New Delhi/Almaty, Dec. 22: India and Russia are broadly "on the same page" on the Syrian crisis, foreign secretary S. Jaishankar said today, in New Delhi's clearest signal of support yet to Moscow's position on a civil war that has now spawned a brutal terror group.
Jaishankar's comments, a day before Prime Minister Narendra Modi flies to Moscow for a summit with Russian President Vladimir Putin, come at a time Russia is bombarding Islamic State (IS) targets in Syria.
The US, France, UK, Saudi Arabia and other Arab nations are involved in a parallel military campaign in Syria - also against the IS.
But the foreign secretary subtly underscored why India was more comfortable with the Russian initiative than the one led by the US.
"At a conceptual level, both Russians and we agree that the Syrian issue needs to be resolved through political and diplomatic means, and an intra-Syria solution," Jaishankar said, effectively echoing the Russian position that the removal of Syrian leader Bashar al-Assad as a precondition for a political resolution in Damascus was unacceptable. "So if you look at the broad approach to the issue, I think we are on the same page."
India has traditionally been reticent about backing any military campaign that stands in violation of UN law. The West-led coalition has for the past two years demanded Assad's ouster as a precondition for a political resolution.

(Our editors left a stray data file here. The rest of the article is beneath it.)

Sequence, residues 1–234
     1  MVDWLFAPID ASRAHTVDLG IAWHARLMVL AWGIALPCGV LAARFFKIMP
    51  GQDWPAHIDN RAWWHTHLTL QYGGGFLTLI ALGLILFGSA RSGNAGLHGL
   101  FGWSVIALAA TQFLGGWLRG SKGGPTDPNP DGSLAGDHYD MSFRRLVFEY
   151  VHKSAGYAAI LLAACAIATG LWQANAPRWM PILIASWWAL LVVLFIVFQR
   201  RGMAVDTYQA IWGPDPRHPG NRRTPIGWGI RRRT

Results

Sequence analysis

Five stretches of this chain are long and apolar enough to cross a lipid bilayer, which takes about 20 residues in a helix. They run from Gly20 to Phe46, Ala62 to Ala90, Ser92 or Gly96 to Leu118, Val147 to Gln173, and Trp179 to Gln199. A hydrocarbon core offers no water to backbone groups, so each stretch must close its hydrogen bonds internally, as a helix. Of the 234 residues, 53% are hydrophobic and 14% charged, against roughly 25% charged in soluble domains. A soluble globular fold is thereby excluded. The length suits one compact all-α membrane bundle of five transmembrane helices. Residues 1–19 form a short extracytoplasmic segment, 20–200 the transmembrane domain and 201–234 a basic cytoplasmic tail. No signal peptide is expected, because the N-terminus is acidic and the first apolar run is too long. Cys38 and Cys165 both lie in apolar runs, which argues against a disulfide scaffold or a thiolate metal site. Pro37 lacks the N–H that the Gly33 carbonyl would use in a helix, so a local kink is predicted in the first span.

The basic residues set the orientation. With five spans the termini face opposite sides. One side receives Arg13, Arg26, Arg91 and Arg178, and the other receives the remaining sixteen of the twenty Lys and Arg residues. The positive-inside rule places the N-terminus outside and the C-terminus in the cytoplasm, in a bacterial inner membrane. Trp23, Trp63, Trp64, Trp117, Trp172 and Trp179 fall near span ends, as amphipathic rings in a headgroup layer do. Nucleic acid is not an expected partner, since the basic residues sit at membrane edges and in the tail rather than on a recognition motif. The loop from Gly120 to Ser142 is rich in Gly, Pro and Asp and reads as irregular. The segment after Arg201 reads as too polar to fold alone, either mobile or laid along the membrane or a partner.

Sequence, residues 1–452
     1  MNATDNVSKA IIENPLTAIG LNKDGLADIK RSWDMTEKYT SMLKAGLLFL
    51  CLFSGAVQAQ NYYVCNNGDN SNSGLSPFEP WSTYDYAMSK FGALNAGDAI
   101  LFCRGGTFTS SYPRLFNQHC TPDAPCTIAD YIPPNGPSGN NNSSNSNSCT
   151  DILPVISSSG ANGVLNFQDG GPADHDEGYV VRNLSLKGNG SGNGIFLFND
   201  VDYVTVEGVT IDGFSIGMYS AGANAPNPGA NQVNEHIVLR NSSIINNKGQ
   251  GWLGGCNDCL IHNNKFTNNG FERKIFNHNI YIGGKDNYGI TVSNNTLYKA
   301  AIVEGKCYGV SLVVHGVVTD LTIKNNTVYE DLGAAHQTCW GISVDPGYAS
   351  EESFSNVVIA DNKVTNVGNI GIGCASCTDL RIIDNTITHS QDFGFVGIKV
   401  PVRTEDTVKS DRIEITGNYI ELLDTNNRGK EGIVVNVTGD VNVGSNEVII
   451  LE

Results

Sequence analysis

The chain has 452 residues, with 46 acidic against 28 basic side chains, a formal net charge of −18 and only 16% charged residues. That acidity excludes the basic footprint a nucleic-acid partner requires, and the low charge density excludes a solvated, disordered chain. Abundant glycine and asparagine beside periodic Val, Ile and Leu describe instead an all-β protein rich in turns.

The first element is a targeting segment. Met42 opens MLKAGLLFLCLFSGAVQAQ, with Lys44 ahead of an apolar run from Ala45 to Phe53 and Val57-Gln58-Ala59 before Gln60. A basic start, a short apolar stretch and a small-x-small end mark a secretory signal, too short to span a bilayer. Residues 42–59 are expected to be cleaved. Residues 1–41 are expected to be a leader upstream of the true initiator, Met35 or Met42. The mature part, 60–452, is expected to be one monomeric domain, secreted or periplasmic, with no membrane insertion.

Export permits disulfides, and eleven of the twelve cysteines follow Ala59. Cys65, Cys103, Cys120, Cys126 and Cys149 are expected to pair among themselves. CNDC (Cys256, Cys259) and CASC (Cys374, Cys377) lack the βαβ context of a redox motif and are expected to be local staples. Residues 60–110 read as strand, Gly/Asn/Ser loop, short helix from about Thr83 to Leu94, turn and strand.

The Russian coalition - which includes Iraq, Syria and Iran - also does not have UN backing. But crucially, it was invited to intervene by the government of Syria, and so does not legally need UN approval, much like India's military interventions in the Maldives and Sri Lanka in the late 1980s.
"In terms of what the Russians are actually doing in Syria, that is something they are doing in consultation with the government of Syria," Jaishankar added.
The foreign secretary's statements come less than a week after defence minister Manohar Parrikar suggested India would be "ready" to join a UN-backed coalition against the IS.
"In effect, when you think of it, Parrikar was voicing the Russian position too," former Indian diplomat Melkulangara Bhadrakumar told The Telegraph. "That's the classic Russian position - against unilateral action."
But over the past week, the prospects of an international coalition, mandated by the UN to fight the IS, have increased.
US secretary of state John Kerry, in Moscow a week back, had suggested for the first time that America would not insist on Assad's removal as a precondition for a resolution of the civil war.
"The United States and our partners are not seeking so-called regime change," Kerry said in Moscow, according to a state department transcript, adding that the US goal was to facilitate a peace process in which "Syrians will be making decisions for the future of Syria".